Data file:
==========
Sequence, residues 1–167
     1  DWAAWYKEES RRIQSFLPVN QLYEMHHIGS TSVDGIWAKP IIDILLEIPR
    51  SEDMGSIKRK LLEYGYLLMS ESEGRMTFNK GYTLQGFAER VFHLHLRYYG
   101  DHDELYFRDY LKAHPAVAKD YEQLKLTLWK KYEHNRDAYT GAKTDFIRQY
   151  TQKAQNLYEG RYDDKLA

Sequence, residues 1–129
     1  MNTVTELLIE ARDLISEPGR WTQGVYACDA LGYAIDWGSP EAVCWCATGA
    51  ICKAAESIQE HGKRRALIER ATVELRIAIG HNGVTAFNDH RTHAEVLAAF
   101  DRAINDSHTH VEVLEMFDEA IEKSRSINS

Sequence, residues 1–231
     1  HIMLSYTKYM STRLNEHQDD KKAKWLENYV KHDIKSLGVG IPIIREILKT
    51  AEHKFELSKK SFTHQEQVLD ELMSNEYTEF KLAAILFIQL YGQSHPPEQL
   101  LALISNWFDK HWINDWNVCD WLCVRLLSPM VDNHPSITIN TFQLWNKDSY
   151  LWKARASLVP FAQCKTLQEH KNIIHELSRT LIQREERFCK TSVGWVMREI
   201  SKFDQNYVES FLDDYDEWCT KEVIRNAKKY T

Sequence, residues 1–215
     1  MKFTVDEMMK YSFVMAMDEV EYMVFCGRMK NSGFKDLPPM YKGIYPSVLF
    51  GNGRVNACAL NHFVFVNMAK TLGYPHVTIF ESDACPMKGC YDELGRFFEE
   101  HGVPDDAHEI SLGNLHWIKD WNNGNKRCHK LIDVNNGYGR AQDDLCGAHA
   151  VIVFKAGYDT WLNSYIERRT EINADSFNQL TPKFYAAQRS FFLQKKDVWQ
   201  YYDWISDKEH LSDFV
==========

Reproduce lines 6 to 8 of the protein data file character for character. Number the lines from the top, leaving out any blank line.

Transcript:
Sequence, residues 1–129
     1  MNTVTELLIE ARDLISEPGR WTQGVYACDA LGYAIDWGSP EAVCWCATGA
    51  ICKAAESIQE HGKRRALIER ATVELRIAIG HNGVTAFNDH RTHAEVLAAF